• C73 - Mathematical and Quantitative Methods - - Game Theory and Bargaining Theory - - - Stochastic and Dynamic Games; Evolutionary Games
    • D83 - Microeconomics - - Information, Knowledge, and Uncertainty - - - Search; Learning; Information and Knowledge; Communication; Belief; Unawareness
    • L14 - Industrial Organization - - Market Structure, Firm Strategy, and Market Performance - - - Transactional Relationships; Contracts and Reputation

    NEP fields

    This paper has been announced in the following NEP Reports:

    Statistics

    Access and download statistics

    Corrections

    All material on this site has been provided by the respective publishers and authors. You can help correct errors and omissions. When requesting a correction, please mention this item's handle: RePEc:wpa:wuwpga:0004003. See general information about how to correct material in RePEc.

    For technical questions regarding this item, or to correct its authors, title, abstract, bibliographic or download information, contact: (EconWPA). General contact details of provider: http://econwpa.repec.org .

    If you have authored this item and are not yet registered with RePEc, we encourage you to do it here. This allows to link your profile to this item. It also allows you to accept potential citations to this item that we are uncertain about.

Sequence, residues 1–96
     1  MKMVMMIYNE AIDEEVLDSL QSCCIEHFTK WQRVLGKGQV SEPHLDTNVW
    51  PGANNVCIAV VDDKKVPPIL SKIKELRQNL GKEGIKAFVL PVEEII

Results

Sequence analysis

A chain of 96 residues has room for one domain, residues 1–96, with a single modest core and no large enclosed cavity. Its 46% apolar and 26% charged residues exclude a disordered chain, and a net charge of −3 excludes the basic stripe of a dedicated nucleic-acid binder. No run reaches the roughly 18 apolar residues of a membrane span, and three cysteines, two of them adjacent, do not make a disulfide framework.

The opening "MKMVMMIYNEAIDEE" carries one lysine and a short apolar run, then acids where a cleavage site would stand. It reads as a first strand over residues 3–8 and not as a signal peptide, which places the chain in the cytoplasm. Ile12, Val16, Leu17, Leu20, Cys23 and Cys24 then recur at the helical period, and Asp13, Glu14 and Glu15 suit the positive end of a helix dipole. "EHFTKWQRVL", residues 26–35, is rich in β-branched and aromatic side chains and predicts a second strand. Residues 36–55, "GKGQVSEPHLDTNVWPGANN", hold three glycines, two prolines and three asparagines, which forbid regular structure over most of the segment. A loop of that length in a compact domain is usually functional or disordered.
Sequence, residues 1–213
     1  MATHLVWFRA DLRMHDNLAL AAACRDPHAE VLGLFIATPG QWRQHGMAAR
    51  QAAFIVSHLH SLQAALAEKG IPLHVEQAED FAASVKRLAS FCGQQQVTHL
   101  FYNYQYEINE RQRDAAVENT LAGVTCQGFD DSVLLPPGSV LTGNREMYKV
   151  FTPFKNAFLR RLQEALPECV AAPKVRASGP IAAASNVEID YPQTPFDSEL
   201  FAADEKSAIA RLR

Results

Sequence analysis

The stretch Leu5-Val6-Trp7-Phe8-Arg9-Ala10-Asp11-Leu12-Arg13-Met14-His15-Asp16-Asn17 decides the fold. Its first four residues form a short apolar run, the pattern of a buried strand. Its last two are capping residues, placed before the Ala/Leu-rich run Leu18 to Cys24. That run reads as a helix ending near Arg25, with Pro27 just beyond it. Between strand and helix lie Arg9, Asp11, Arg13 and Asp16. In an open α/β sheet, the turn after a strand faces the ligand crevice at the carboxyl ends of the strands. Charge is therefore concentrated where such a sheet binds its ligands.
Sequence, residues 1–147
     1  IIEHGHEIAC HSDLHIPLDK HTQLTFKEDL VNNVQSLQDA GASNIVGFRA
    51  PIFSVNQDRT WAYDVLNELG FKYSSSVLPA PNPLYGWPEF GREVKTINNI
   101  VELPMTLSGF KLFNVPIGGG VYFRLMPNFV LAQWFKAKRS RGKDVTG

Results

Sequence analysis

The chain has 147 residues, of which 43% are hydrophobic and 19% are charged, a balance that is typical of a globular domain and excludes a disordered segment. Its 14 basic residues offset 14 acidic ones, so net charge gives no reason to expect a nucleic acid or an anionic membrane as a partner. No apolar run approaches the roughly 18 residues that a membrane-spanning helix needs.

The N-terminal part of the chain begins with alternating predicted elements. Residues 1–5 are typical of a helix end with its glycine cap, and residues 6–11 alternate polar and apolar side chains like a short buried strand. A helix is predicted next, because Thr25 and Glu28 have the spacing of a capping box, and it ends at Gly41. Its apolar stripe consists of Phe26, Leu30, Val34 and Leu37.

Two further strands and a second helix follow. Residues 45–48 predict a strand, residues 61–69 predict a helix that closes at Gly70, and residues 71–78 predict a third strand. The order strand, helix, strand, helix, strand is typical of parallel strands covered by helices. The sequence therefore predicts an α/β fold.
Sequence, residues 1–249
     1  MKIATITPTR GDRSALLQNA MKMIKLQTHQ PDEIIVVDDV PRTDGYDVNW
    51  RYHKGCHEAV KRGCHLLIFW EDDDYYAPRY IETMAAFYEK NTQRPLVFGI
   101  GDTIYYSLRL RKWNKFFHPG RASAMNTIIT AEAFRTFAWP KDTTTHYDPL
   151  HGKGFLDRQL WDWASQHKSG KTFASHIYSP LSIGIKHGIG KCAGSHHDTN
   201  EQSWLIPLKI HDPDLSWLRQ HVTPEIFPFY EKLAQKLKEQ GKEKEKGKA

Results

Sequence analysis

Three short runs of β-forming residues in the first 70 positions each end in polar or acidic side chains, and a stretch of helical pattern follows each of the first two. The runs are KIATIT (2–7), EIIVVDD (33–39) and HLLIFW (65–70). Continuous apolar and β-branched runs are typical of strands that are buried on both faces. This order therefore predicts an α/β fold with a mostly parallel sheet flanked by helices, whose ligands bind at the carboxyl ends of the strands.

If CitEc recognized a reference but did not link an item in RePEc to it, you can help with this form .

    If you know of missing items citing this one, you can help us creating those links by adding the relevant references in the same way as above, for each refering item. If you are a registered author of this item, you may also want to check the "citations" tab in your RePEc Author Service profile, as there may be some citations waiting for confirmation.

    Please note that corrections may take a couple of weeks to filter through the various RePEc services.

    IDEAS is a RePEc service hosted by the Research Division of the Federal Reserve Bank of St. Louis . RePEc uses bibliographic data supplied by the respective publishers.